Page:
I’m not sure if this will help but I recently changed my tactics to avoid that exact problem. I was giving information and pricing just to hear that someone beat my price. I figure if I keep doing the same things, I should expect the same results. I have been using Michael Stone’s method in Profitable Sales, a Contractor’s Guide. Things have changed for the better! I no longer waste my time giving out designs, information, pricing and trying to convince a buyer that I am the best contractor for their job. After I qualify the client (on the phone) to be sure this is a job I want and the owner’s seem to have reasonable expectations and a budget that matches that, it’s only then that I make an appointment to meet and discuss their project. The initial meeting is not to get a contract for work, it’s to establish a rapport (we both need to feel good about each other) and to have a design agreement signed. After I have that agreement signed and a deposit in hand, then the client can have the information. I may not sign every potential client but then again I don’t lose business strictly based on pricing. If I don’t get that design agreement, then I start looking at what I did or better yet, failed to do. I can’t blame the other guy for beating me now, my success or failure is solely in my hands.
This approach works in higher-end projects, but is harder to pull off in certain commodity-type services or trades, such as roofing or painting. There, if the trade is working as a sub-contractor, the GCs generally will still insist on price-based quotes, and of course residential consumers will balk at paying a design fee for a quote in a field where “free estimates” are the norm.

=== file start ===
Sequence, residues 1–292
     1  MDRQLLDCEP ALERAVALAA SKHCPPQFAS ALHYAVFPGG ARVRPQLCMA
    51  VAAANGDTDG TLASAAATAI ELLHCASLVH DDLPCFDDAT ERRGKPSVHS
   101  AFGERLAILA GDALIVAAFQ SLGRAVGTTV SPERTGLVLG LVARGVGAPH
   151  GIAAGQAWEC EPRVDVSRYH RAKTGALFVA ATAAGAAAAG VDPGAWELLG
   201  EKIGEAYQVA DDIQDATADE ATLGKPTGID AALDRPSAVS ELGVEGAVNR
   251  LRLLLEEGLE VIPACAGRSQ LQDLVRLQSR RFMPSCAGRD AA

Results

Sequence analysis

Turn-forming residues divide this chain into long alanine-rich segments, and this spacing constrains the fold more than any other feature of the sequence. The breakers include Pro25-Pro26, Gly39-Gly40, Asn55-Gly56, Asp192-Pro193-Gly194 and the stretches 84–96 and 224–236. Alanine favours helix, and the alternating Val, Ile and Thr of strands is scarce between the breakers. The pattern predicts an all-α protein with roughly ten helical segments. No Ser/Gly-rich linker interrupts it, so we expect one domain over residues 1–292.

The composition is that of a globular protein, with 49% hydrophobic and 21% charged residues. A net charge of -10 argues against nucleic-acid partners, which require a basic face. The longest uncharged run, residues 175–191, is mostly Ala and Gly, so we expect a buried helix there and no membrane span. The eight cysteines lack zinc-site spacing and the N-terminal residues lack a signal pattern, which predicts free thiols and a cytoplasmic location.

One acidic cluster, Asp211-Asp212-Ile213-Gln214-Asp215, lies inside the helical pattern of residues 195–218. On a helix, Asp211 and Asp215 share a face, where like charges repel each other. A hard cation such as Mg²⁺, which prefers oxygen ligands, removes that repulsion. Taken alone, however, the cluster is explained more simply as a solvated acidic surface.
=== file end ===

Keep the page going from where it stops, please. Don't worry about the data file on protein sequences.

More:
Yet I’ve seen plenty of contractors thriving with repeat clients, and extensive ongoing business with major vendors and developers, and I expect that price quotes don’t really enter into the decision (though the trades can’t cheat — they’ll eventually be caught out if they are over-charging.) The answer here always comes down to the qualitative value assessment, and the painful fact that when price becomes the deciding factor, often the purchaser in the end is dissatisfied with the actual value received.
I don’t have a perfect answer to this challenge. In residential work, if you are performing higher end projects with significant up-front design and estimating costs, you should of course follow the Sonny Lykos/Michael Stone practices — and make sure you have a true commitment before providing detailed quotations. If you are working on lower-end trade-based work where free estimates are the norm, your marketing and sales packages will need to be strong and you’ll need to manage your work to ensure you can at least be in the ball-park price-wise with the norms, but you want to be in a place where you aren’t winning every job, or you are so desperate for leads that you’ll lower your prices to win something, anything, to do.
In larger public projects, the challenges are different. Obviously, openly bid, public projects will default to price unless something else prevents this, either legislative rules such as the Brooks Act or (alas) less-than-ethical collusion or rule-bending, such as I reported here about Quebec, or, as an other example, where a local hospital and general contractor pre-arranged change order decisions, and then the general contractor always came in “low” knowing that he could put through the change orders and achieve profitability. The work-around here may involve variations of Integrated Project Design (IPD), value-price quoting on projects (showing alternatives and possible savings) or, if you can build enough justification into the story, earning solid sole-source opportunities.
I welcome your comments and observations on this important topic.